Further along the trail, shortly after the sounds of the sprinkler system began to fade away behind us, we began to hear a steady and repetitive mechanical sound coming from somewhere beyond the berm of the canal. We were approaching some kind of an engine/motor operating on the farm. It sounded like one of those old tractors. What we were hearing turned out to be a water pump. I also noticed that there was a culvert under the canal at that location. The light bulb went off in my head! The farm was probably drawing water from the river through the culvert, and using the pump to drive the water to the sprinklers. I noticed a little trail leading off from the towpath towards the river just beyond the culvert. I resolved to check out this trail later, to look for a water pipe, on our way back.

We continued our walk towards Edwards Ferry, continuing our explorations and adventures.

We were now heading back towards Sycamore Landing. We had reached the sod farm that we had passed on our way out. I was now listening for the sound of the water pump. We began to hear it in the distance. As we approached the site of the culvert, we were surprised to hear a cock crowing in the woods next to the river. Cock-a-doodle-doo!! It was unexpected. I was quite sure there were no domestic animals or birds in this section. Not knowing any better, I wondered if this could be a wild turkey.

I took the little side trail just before the culvert where the pump was located and walked down to the river. I then started walking along the riverside towards the culvert itself. The others who were following on the side trail behind me informed me that that there was now a rooster following them on the trail. A little alarmed, a went back towards them. Could this blog turn into a tale about the attack of a rabid rooster?!

Yes, indeed, it was a common rooster that had followed us on to the trail.undefinedBut the colorful specimen, although excited, seemed to be quite harmless. It was not frothing at the beak. It seemed to be following us with some purpose, and fortunately that purpose did not seem to include attacking human beings. I could tell by the look in its eye! Maybe it was expecting some food.undefined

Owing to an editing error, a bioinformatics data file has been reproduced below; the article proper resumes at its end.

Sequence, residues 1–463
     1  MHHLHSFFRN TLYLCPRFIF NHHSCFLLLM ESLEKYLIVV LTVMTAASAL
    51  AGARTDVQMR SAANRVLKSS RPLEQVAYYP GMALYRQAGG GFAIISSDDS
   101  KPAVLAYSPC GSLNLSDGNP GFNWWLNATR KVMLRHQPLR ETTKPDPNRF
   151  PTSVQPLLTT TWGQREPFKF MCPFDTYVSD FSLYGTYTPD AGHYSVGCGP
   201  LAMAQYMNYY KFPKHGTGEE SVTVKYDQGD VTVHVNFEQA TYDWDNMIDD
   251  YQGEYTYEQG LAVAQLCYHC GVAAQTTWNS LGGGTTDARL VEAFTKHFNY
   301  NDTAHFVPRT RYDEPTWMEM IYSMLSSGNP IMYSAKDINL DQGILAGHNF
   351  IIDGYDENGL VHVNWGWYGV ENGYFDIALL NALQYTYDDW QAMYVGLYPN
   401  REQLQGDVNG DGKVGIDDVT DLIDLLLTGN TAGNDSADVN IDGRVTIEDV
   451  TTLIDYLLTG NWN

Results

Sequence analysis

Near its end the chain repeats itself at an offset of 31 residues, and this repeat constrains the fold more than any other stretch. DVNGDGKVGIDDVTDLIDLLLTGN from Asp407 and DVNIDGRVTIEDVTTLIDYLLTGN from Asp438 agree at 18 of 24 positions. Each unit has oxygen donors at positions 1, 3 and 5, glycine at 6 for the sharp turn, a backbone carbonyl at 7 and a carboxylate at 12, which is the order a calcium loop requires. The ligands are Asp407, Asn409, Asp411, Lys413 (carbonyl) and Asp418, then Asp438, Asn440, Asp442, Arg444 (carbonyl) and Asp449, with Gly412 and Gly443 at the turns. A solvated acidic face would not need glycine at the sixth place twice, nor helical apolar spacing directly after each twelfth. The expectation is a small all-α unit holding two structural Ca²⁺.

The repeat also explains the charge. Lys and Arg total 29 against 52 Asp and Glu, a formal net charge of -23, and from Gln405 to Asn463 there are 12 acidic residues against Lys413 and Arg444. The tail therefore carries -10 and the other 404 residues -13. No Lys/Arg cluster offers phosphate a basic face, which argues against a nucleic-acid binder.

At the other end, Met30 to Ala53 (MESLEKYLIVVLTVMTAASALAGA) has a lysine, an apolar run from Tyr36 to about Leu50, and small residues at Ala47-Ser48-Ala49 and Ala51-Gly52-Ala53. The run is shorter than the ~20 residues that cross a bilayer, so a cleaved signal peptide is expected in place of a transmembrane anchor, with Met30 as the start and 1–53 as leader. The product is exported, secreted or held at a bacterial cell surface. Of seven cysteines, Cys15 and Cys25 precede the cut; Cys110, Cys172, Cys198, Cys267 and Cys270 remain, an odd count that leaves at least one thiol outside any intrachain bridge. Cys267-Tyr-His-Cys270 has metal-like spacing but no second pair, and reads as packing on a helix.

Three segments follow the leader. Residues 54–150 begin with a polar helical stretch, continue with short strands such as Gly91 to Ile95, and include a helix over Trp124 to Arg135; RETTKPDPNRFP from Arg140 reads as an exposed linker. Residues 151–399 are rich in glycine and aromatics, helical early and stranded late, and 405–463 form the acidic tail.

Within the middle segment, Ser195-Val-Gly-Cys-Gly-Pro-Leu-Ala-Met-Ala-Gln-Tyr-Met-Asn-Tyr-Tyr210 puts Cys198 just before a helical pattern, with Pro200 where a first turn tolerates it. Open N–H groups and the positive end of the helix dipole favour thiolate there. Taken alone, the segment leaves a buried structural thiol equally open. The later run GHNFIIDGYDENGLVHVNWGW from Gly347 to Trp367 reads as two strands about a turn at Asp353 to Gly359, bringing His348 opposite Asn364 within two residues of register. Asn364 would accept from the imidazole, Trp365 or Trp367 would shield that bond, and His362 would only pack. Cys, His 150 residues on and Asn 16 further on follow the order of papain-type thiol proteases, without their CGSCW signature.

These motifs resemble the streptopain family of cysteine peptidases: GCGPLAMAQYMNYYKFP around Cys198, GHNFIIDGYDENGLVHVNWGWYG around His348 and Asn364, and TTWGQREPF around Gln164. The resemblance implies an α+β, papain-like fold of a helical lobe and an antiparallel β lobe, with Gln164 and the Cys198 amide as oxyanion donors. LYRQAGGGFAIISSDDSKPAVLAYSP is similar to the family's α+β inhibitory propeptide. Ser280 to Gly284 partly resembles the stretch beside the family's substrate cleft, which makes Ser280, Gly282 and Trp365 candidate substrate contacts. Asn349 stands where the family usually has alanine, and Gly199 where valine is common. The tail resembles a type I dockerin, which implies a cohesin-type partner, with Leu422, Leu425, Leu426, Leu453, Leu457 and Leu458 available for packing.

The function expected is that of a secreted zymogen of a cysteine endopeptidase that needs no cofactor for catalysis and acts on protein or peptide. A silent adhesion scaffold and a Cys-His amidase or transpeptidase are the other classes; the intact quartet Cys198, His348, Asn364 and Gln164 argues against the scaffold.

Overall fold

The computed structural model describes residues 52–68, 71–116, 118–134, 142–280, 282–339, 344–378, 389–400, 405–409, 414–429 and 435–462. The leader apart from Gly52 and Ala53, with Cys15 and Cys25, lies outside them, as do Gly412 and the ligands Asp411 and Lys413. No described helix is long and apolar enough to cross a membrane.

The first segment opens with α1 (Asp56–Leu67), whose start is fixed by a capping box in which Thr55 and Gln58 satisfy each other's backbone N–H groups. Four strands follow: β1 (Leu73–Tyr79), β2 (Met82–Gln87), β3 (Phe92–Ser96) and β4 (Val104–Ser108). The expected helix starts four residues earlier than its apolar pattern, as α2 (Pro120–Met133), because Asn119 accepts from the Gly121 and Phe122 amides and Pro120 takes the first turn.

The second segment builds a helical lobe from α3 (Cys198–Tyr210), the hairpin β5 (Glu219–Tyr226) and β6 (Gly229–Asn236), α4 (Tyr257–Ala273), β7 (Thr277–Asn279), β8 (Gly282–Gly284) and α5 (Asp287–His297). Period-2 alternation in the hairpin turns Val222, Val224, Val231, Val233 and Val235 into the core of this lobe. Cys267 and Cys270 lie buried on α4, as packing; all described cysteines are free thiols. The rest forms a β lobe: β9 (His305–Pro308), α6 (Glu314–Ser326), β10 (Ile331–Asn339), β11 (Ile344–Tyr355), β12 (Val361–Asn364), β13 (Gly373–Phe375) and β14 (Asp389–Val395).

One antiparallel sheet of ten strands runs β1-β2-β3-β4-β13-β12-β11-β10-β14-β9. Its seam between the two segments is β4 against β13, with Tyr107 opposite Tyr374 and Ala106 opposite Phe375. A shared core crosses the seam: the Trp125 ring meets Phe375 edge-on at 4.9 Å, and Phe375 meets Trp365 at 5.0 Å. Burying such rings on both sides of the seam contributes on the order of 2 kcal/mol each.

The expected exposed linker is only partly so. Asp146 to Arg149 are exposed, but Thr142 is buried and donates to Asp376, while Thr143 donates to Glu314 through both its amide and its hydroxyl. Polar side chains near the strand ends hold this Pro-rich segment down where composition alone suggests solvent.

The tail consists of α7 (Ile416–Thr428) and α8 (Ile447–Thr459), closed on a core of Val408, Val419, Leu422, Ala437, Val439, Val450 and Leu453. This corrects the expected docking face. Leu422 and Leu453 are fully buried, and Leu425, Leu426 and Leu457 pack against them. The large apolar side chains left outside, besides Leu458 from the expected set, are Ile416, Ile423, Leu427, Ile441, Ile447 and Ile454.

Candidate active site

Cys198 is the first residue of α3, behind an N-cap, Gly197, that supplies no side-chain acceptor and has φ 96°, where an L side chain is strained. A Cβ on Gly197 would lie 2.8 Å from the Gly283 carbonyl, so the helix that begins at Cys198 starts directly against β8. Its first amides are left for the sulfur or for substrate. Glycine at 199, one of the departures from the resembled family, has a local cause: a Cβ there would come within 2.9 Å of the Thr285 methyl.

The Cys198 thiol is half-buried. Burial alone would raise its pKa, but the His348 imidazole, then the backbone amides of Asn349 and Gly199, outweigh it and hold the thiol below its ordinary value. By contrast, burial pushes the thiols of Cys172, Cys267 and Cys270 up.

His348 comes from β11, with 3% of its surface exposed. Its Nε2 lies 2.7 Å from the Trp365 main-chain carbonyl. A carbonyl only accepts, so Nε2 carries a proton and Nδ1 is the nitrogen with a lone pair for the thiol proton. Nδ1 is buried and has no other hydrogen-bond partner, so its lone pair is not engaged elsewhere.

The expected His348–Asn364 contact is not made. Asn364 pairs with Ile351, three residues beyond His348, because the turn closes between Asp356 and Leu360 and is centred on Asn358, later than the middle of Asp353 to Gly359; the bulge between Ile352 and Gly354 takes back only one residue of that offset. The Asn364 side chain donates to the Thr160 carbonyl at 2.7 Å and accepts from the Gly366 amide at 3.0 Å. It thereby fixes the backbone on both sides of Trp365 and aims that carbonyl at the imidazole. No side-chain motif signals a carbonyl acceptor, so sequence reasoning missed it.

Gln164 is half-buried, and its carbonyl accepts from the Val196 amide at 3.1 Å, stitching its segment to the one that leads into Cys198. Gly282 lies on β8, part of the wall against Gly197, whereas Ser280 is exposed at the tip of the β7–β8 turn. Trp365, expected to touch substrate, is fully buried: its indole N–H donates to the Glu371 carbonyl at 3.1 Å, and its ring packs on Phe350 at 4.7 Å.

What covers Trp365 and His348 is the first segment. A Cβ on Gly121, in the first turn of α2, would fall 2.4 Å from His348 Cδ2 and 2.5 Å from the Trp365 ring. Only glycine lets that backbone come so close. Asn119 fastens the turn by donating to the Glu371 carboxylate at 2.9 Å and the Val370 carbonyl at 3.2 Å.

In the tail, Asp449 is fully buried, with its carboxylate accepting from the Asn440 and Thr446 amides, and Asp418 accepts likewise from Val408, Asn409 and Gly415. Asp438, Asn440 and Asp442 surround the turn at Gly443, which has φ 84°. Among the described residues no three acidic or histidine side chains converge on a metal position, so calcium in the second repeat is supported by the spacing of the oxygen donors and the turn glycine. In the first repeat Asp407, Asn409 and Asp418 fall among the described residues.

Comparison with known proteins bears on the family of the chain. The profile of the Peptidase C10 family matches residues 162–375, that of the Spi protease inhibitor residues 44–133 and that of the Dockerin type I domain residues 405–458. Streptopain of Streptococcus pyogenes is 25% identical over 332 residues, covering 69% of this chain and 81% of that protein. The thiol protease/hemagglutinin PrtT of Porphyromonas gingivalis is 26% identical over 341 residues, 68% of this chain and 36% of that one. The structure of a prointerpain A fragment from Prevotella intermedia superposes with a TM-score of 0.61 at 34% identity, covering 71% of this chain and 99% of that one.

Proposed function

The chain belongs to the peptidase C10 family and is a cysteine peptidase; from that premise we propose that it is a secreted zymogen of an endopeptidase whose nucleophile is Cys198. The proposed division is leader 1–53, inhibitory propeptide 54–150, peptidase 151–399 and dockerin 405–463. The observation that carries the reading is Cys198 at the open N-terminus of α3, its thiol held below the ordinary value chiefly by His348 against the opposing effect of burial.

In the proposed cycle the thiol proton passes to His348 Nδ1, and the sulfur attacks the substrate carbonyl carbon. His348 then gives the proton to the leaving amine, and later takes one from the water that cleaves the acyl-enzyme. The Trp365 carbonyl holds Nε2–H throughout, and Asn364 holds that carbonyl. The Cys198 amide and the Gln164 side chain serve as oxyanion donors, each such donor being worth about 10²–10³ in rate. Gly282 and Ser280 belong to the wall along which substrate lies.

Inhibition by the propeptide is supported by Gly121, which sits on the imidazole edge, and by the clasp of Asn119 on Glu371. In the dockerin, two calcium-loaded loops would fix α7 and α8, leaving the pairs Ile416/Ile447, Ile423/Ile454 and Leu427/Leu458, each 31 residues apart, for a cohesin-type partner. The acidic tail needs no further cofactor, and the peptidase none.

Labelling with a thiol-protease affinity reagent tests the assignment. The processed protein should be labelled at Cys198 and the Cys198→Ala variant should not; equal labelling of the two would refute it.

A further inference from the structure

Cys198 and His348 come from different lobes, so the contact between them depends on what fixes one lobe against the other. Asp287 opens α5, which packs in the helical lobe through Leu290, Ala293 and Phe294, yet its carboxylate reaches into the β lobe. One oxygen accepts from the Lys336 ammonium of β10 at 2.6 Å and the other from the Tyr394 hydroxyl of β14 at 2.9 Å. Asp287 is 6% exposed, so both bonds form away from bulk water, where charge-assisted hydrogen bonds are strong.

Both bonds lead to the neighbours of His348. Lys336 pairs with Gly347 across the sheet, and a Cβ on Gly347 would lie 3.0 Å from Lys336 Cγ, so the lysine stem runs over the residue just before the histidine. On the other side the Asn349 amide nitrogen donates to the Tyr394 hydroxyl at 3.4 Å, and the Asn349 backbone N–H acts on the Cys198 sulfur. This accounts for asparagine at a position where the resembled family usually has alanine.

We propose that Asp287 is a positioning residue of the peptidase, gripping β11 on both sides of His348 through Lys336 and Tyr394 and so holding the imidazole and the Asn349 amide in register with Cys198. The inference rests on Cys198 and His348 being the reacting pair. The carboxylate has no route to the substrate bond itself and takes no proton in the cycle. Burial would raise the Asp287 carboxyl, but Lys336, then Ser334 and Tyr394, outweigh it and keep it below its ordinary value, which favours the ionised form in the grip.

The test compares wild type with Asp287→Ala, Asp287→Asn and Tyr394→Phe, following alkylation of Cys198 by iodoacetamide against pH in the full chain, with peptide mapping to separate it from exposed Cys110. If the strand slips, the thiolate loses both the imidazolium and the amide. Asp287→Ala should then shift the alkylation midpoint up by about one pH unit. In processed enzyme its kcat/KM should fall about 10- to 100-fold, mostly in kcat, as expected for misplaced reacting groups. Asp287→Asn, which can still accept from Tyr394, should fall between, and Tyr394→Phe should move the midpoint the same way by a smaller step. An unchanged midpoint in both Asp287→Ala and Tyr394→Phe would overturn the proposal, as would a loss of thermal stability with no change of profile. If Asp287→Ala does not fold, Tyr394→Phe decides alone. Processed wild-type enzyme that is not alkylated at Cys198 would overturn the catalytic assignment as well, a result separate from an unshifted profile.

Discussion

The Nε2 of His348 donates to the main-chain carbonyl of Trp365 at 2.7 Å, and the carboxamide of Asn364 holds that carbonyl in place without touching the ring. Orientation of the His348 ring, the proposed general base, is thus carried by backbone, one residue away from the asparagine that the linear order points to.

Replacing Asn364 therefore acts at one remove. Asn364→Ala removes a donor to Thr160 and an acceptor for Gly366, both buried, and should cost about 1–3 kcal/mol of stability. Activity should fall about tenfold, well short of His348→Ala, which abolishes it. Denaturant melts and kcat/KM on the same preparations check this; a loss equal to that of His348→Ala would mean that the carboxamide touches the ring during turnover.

Reassured about its intentions, I went back to the task of looking for the water pipe in the culvert. And indeed, there was a pipe running through the culvert.undefinedNot only that, there also seemed to be a different pipe leading out of the river towards the canal not too far from the pipe running through the culvert.undefinedI was left to wonder about the kinds of permits that were required in these parts to draw water from the river for use on a farm. And that was the extent of my curiosity!

Having gotten my pictures, I walked back to where the others were dealing with the rooster. We thought it had escaped from the farm on the other side of the canal. Convinced that the rooster was not going to attack me, I tried to persuade it back on to the side trail, and then back across the towpath.undefinedWith some effort, and using a certain amount of skill that was newfound (and ultimately useless, may I add!), I managed to get the rooster back to the main trail. I could not have done it without the encouragement of the cheering squad.

But that is how far we got in this remarkable rooster rescue effort. We could not convince the rooster to cross the towpath on to the canal bed. We could not convince the rooster to head towards the farm on the other side of the canal. The rooster viewed my efforts to encourage it to move in that direction with extreme suspicion. Or maybe it thought it was just a game, and was mightily amused. In the end, we had to let it be. It went back into the woods it had just appeared from.undefined